EPA wastewater rules to set first PFAS limits

By Hannah Northey, E.A. Crunden | 09/09/2021 12:43 PM EST

Effluent from the Niagara Falls Wastewater Treatment Plant is discharged into the Niagara River near the American Falls. AP Photo/David Duprey

EPA is seeking to bolster public health and environmental protections through new wastewater regulations that include the first limitations on "forever chemicals."

Amid mounting pressure to crack down on water contaminants, the agency yesterday released its latest preliminary effluent guidelines plan, including an announcement concerning three new rulemakings. Those newer components target nutrient discharges as well as contamination from per- and polyfluoroalkyl substances, also known as forever chemicals.

"To protect drinking water supplies, recreational waters, and aquatic ecosystems, it is essential that we utilize the latest scientific and technological breakthroughs in wastewater treatment," Assistant Administrator for Water Radhika Fox said in a statement. "This plan illustrates one way that EPA is following science to better protect public health and the environment."

Fox also emphasized the agency’s focus on PFAS, which are the target of two out of three of the new rules. EPA determined that revised effluent limitations guidelines, or ELGs, and pretreatment standards were warranted for sites that produce organic chemicals, plastics and synthetic fibers. Additionally, EPA will update regulations for metal finishing to include PFAS, which will impact chromium electroplating facilities.

EPA develops ELGs, or national wastewater discharge standards on an industry-by-industry basis. To date, EPA has issued limits for 59 industries that apply to hundreds of thousands of facilities that discharge into waterways or sewage treatment plants.

The third rule announced yesterday will target nutrient discharges from meat and poultry products plants. Nutrient-laden wastewater has been a source of controversy for years, with environmental groups often critical of EPA’s water pollution standards for facilities like slaughterhouses (Greenwire, Dec. 18, 2019).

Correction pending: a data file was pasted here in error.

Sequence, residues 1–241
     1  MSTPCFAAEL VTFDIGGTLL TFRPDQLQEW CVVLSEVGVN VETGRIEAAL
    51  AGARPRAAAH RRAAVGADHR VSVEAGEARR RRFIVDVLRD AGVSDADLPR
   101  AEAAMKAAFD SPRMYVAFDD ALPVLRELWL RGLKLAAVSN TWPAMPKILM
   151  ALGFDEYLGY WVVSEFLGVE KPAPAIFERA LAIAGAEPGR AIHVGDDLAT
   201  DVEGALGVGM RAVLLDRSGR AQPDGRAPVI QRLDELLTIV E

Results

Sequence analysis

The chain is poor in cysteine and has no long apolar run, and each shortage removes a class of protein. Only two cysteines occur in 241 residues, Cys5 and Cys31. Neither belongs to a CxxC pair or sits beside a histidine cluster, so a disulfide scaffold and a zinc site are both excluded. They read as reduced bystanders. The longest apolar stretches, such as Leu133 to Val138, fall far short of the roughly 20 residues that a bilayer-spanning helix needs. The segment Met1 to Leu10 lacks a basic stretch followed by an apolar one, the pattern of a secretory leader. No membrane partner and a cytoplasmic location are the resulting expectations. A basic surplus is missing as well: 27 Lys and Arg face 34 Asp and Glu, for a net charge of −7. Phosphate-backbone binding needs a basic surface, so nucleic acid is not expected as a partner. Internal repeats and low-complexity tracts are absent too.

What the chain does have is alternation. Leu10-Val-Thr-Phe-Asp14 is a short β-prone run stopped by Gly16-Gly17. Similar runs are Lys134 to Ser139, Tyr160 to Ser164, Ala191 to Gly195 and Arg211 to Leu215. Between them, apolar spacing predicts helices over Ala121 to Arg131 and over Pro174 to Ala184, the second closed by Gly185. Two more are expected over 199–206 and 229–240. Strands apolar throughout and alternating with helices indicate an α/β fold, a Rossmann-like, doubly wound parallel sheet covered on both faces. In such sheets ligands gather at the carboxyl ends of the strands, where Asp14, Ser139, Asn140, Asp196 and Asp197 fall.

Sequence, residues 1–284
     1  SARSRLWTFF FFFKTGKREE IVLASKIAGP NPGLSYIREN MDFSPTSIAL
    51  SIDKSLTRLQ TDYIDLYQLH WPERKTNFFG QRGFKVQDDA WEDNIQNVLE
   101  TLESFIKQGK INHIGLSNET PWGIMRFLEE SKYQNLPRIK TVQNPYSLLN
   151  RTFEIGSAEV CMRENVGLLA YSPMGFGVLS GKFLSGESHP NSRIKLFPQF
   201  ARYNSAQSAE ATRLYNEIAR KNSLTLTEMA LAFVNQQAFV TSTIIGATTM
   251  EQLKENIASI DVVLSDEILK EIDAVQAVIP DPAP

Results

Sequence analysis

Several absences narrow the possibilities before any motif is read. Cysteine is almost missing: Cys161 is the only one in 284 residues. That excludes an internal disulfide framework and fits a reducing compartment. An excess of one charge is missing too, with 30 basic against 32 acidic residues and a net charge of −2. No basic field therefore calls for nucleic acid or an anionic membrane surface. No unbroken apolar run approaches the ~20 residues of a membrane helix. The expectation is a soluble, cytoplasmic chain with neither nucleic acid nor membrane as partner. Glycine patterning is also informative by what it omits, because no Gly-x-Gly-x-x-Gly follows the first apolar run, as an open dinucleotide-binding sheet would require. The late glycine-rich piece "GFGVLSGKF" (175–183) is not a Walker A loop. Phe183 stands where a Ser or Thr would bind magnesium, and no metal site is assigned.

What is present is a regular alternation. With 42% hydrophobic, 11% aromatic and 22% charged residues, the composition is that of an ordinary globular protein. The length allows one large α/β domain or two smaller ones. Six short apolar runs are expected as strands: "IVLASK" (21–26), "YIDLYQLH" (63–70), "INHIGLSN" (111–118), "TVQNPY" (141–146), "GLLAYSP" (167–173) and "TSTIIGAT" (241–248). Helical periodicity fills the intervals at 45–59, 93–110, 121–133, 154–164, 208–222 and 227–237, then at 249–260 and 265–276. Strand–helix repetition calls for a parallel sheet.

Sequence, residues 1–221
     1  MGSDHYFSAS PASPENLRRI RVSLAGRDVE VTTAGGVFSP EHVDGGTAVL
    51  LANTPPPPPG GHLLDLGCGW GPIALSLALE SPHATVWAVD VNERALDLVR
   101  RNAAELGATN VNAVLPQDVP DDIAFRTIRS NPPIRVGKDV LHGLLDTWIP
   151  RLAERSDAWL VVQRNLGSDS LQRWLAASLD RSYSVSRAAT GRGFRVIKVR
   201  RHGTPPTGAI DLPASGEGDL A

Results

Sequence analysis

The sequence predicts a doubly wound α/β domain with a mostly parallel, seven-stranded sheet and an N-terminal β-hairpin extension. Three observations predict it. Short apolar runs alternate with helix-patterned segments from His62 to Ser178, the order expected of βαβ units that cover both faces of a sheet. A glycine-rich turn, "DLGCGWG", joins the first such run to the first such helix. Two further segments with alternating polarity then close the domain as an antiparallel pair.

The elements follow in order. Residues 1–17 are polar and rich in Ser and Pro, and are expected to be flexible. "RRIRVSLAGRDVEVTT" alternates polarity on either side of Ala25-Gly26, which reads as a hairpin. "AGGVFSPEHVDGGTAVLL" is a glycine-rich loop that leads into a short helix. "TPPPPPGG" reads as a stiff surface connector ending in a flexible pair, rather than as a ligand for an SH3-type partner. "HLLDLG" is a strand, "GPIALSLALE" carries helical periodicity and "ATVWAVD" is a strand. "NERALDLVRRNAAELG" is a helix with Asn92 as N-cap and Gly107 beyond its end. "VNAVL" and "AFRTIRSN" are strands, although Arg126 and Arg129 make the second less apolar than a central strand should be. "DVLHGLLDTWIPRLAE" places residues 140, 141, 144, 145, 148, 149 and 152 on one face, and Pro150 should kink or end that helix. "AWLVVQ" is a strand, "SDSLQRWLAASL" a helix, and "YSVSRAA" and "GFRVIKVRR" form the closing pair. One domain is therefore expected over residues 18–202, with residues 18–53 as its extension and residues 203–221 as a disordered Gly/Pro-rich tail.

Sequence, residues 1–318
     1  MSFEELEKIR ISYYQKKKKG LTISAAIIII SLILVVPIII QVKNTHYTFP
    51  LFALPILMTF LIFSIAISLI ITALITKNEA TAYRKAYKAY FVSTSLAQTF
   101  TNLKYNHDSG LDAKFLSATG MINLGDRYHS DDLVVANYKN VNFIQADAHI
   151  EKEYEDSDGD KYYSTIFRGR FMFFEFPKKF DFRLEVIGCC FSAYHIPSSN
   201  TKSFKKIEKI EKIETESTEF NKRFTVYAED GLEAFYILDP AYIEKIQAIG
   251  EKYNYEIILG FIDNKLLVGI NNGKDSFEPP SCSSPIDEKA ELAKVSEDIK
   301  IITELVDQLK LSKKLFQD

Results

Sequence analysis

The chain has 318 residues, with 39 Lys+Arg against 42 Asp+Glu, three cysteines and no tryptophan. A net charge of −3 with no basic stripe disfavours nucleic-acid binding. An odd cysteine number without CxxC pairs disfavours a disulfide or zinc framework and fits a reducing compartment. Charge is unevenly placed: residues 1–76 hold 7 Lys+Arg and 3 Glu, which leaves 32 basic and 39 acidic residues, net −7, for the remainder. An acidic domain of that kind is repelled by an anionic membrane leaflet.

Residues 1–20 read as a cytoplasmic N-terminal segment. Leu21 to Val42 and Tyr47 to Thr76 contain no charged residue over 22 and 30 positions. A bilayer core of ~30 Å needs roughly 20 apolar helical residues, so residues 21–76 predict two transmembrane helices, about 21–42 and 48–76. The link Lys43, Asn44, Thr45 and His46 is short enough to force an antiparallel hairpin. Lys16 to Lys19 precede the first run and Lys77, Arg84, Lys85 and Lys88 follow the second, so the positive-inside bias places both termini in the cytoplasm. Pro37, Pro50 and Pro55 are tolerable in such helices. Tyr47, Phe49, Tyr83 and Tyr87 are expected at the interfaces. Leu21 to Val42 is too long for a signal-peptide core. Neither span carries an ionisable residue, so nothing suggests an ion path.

Environmental groups including the Environmental Integrity Project and Earthjustice that sued EPA in 2019 over water pollution limits for slaughterhouses praised the agency’s announcement. “It’s great news that EPA, in response to our lawsuit, will be finally modernizing the standards for meat and poultry plants across the country, which had not been updated since at least 2004, leading to an excessive amount of water pollution,” said Sylvia Lam, an attorney for EIP.

EPA is under pressure to take action on PFAS across a number of areas, including in wastewater. Analysis conducted by the Environmental Working Group has found tens of thousands of industrial sites linked to confirmed or possible PFAS contamination, with plastics and electroplating sites among the biggest polluters.

There are currently no EPA regulations outlining limits for manufacturers that discharge PFAS into the environment, a gap that has drawn some attention from lawmakers. Rep. Chris Pappas (D-N.H.) welcomed the new measures in a statement calling the rules "long overdue" while emphasizing the need for more aggressive action.

"These regulations are an important step forward in protecting our water and addressing one of the most pressing environmental issues facing our nation today," Pappas said. "But we need additional protections to safeguard the environment and public health, and the EPA should expand these regulations to other known industries that are actively discharging these forever chemicals."

EPA is also looking into other sources of PFAS, namely landfills and textile mills. Waste sites in particular are rife with PFAS contamination, due to the widespread nature of the chemicals in everyday consumer products. That reality has led to calls from environmental groups for the agency to improve its guidance on PFAS disposal (Greenwire, Feb. 24).

EPA yesterday also confirmed it has initiated a rulemaking to limit wastewater pollution from steam electric power plants. The agency announced this summer it would craft stricter limits while allowing a Trump-era rule to remain in place (E&E News PM, July 26).